• Tractor overturns and all-terrain vehicle accidents accounted for four fatalities, while other tractor or equipment issues and collisions involving farm equipment led to the additional four, according to unofficial statistics from Virginia Farm Bureau.
A total of eight lives were reported lost in Virginia due to farm work-related accidents in 2010 — six fewer than in 2009.
Tractor overturns and all-terrain vehicle accidents accounted for four fatalities, while other tractor or equipment issues and collisions involving farm equipment led to the additional four, according to unofficial statistics from Virginia Farm Bureau.
Farm Bureau recorded no 2010 fatalities resulting from animals or tractor and equipment runovers.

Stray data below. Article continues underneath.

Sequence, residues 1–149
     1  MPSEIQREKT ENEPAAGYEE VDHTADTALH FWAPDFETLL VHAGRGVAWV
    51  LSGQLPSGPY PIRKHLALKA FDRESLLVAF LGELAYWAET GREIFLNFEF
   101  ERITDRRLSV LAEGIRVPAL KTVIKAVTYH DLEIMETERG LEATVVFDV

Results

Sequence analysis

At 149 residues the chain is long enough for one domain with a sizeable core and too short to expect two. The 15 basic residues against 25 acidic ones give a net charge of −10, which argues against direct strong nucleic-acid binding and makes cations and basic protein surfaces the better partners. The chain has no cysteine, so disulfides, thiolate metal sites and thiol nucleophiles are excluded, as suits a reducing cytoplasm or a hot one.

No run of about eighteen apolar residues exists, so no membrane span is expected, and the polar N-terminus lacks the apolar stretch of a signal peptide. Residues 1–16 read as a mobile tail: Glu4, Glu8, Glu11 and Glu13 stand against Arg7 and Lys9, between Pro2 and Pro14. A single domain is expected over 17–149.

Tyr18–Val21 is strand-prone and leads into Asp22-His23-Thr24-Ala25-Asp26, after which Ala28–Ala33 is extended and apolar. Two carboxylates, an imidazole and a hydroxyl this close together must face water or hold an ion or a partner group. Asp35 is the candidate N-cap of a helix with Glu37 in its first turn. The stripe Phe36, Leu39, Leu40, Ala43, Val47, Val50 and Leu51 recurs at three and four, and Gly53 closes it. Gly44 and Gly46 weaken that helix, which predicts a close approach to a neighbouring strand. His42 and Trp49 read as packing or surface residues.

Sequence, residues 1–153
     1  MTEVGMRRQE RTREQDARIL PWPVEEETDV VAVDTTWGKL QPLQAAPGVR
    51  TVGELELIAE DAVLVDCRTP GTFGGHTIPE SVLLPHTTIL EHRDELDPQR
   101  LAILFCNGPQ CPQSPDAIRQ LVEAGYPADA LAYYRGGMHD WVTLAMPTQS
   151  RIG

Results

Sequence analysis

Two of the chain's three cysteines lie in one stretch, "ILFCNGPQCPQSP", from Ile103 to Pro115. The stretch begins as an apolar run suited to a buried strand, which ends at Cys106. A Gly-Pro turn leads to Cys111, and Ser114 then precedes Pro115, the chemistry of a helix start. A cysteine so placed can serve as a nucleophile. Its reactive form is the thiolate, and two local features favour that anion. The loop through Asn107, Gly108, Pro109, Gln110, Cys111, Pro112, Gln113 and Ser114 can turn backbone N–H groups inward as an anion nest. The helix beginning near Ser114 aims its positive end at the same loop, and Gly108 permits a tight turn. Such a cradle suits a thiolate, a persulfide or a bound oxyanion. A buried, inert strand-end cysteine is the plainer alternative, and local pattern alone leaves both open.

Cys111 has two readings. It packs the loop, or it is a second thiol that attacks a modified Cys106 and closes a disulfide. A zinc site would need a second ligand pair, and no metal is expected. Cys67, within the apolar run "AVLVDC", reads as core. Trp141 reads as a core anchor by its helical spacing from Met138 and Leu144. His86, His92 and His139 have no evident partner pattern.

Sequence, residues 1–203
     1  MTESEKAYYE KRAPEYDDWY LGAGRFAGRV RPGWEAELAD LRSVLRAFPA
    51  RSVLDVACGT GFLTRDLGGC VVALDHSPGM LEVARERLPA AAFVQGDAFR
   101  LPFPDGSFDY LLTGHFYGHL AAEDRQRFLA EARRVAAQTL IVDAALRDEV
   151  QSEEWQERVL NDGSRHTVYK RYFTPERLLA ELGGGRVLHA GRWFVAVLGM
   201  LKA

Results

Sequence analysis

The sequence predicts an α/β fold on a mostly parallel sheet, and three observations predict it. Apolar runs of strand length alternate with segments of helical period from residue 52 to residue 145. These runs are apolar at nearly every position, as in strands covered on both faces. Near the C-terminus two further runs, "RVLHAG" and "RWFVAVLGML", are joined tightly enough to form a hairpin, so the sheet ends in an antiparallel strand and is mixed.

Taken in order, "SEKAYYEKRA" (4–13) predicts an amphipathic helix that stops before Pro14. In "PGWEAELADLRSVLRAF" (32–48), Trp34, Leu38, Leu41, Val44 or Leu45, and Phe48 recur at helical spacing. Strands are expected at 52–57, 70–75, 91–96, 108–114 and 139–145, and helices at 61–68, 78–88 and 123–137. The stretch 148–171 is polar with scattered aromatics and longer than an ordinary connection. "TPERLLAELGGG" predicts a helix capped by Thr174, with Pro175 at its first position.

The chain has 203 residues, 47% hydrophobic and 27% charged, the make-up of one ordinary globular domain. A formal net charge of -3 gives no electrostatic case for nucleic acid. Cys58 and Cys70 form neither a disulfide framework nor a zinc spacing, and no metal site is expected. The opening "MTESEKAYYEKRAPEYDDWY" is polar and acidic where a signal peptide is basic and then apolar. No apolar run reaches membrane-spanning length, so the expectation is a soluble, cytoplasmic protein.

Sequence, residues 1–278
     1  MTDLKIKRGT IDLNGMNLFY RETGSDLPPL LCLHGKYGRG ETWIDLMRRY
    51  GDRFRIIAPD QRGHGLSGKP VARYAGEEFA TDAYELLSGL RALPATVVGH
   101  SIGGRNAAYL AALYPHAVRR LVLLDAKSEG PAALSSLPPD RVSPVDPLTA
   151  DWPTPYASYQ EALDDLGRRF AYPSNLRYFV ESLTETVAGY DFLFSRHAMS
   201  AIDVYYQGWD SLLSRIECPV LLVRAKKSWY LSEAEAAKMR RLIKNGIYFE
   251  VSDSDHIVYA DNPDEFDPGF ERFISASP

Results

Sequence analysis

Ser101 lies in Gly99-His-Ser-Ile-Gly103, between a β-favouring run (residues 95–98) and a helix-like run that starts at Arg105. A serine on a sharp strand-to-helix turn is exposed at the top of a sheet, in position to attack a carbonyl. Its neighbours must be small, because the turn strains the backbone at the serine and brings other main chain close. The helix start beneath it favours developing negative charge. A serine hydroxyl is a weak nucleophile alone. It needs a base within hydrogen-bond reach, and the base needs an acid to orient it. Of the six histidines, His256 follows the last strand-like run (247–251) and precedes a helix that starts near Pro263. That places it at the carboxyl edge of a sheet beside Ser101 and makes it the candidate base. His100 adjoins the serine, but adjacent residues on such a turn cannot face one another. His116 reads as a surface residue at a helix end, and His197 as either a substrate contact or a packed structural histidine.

For the past 16 years, tractor overturns have led to 40 percent of Virginia farm deaths per year — the most of any accident category Farm Bureau monitors. Rollover protective structures, or ROPs, and seat belts can help prevent deaths due to tractor overturns.
"With tractor rollovers still causing the majority of fatalities, we have a lot more work to do," said Jimmy Maass, Farm Bureau safety coordinator. "Getting more farmers to install a ROPS and wear seat belts will go a long way toward reducing these numbers further.
"It’s also important that farmers do all they can to make themselves visible while traveling on the roads by utilizing slow moving vehicle emblems, reflective tape, warning lights and escort vehicles. Taking a few extra minutes to make sure you are operating as safely as possible will save you so much more in the long run."
Virginia Farm Bureau has kept unofficial records of farm fatalities and injuries occurring in the state since 1994. According to the organization’s 16-year totals, 103 people have died when tractors overturned; 55 were involved in unspecified tractor or equipment mishaps; and 43 were run over by tractors or other farm equipment. The remaining 58 fatalities were attributed to operating farm equipment on public roads and to incidents involving animals and ATVs.